Your Poetry Assignment for the Week

Every Wednesday afternoon I meet—either on Zoom or in person, if our outdoor cafe is a safe bet—with several other writers. We have two dedicated novelists, but the rest of us write mostly poetry. All of us, I should add, write poetry sometimes.

We’ve been meeting for 11 years. I think of myself as the facilitator of this group; they think of me as their fearless leader. Every Tuesday I email them a reminder and a poem (or, I send them a poem if I’m not too lazy and don’t forget) that they are welcome to think of as a prompt. I usually add a few sentences commenting on the poem. There are no rules in our group, but usually one or two writers end up bouncing off some idea this process has introduced. A while back we played around with a triolet by Barbara Crooker and I was tickled to see people still wrestling with the form last week.

Sometimes I send a poem, or a poet, that I’ve blogged about. Lately I’ve been telling myself that I really ought to blog once a week, and what if I married these two tasks together? This is my attempt to make it so.

I’ve been reading Ellen Bryant Voigt’s 1995 book Kyrie, a series of poems set in 1918—during the (yep) flu epidemic. One poem begins “How we survived…” that is a perfect prompt, but it has an image in it that so freaked me out I don’t want to share it. I cast around, reading poem after poem: “You wiped a fever-brow, you burned the cloth. / You scrubbed a sickroom floor, you burned the mop. / What wouldn’t burn you boiled like applesauce / out beside the shed in the copper pot.”

And there’s this poem, the first in the collection, which seems to predict the future of that survival:


After the first year, weeds and scrub;
after five, juniper and birch,
alders filling in among the briars;
ten more years, maples rise and thicken;
forty years, the birches crowded out,
a new world swarms on the floor of the hardwood forest.
And who can tell us where there was an orchard,
where a swing, where the smokehouse stood?

—Ellen Bryant Voigt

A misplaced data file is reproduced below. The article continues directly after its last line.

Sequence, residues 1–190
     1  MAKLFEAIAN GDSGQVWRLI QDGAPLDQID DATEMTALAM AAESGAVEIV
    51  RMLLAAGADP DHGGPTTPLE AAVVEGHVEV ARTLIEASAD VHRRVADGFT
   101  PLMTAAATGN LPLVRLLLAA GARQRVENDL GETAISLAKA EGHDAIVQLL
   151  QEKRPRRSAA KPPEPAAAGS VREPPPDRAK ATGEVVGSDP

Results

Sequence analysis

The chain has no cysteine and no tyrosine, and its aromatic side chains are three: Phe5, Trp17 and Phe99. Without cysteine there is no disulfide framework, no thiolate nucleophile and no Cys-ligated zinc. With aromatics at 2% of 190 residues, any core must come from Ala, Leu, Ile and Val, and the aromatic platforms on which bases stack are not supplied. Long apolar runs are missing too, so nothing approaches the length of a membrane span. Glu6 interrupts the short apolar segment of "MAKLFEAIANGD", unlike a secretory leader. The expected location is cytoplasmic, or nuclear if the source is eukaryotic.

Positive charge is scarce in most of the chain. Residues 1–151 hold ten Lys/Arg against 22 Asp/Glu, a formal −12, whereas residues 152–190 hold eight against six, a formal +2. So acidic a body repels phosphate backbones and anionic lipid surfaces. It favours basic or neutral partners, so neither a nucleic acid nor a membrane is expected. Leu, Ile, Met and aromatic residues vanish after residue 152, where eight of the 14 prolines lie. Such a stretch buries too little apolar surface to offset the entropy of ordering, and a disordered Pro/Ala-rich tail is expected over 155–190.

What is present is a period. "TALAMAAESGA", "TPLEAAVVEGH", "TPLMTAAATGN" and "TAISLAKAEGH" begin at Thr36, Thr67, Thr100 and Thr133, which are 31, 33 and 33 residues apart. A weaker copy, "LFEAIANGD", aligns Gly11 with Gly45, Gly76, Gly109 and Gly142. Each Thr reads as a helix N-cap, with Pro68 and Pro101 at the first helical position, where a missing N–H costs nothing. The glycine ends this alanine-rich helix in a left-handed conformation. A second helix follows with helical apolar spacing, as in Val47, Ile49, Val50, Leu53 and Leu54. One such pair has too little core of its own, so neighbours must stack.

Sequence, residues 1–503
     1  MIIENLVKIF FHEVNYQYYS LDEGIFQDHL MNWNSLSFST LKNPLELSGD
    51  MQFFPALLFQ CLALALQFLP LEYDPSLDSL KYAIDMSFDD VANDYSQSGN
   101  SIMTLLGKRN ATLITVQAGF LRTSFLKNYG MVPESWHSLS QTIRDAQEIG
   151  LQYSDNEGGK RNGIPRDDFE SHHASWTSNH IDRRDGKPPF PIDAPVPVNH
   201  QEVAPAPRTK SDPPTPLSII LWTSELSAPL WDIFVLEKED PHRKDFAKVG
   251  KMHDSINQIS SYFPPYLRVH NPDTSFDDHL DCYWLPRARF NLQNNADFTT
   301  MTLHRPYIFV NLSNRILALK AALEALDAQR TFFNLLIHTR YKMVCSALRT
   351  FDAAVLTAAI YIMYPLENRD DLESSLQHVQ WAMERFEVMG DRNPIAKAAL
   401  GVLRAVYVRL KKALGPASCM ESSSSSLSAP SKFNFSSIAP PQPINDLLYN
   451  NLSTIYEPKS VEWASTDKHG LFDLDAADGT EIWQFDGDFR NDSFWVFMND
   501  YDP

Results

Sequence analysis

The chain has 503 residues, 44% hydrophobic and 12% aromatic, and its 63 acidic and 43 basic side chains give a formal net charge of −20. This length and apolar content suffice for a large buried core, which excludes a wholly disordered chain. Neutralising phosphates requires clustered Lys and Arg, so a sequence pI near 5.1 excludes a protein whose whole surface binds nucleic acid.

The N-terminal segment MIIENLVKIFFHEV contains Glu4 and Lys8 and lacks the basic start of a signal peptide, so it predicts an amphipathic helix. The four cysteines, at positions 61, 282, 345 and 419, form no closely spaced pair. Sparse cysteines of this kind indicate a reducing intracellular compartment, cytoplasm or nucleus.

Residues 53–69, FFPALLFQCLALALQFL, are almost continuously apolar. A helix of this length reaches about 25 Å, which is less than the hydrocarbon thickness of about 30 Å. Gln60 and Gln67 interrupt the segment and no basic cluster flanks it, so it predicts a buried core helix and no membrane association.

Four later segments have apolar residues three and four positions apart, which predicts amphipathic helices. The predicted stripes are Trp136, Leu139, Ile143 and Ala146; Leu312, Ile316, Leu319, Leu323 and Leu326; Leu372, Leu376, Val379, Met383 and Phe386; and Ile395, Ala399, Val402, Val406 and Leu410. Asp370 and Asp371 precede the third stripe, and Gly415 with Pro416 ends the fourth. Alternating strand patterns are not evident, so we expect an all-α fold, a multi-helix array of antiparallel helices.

My interest in Voigt’s book is personal, something to do with a novella I’d like to write; something to do with working on a manuscript of poems about a farm.

I am also compelled to tell you that I’m nearly all the way through a riveting memoir, House Lessons: Renovating a Life, by local author Erica Bauermeister. When her children were young, Bauermeister and her husband had the crazy idea to rescue a derelict house in Port Townsend and—well, you just have to read it to believe it.

My husband was, once upon a time, a building contractor, so, reading, I think: “Why didn’t we ever do something like this?” And then, reading on, I’m amazed at the work—when did she ever get any writing done? When 9 / 11 interrupts their progress, I found myself wanting to pick up the Voigt poems again. There’s a resonance between the two narratives that I wish I were more equal to describing. It has something to do with putting notes inside walls for future owners to find.

We create stories with beginnings, middles, and ends, and then cast them out into the world, talismans against the reality that life does not always tie up neatly, that it can come at you sideways, take away your breath, your life, your sustaining belief that everything will end up okay. We write our stories on paper, like wishes on New Year’s, and send them out into the world.

—Erica Bauermeister

In a summer when I’ve been feverishly reading doomsday accounts of what will happen to our planet because of climate change, it’s nice to imagine rescuing one house; it’s comforting to imagine how a family comes out the other end of a devastating world war and a pandemic; it’s even weirdly satisfying to imagine smashing down a wall with a sledgehammer.

So that’s your prompt this week. Cast yourself into the future and, looking back from that vantage, tell us, How did you survive?




Our Deepest Calling

To register for the book launch of Our Deepest Calling, Saturday, April 17, at 4 p.m. , follow this link: (And if you are wondering where the images are in this post, for some reason today I’m not able to upload new ones.)

Our deepest calling is to grow into our own authentic self-hood, whether or not it conforms to some image of who we ought to be. As we do so, we will not only find the joy that every human being seeks—we will also find our path of authentic service in the world.”

—Parker Palmer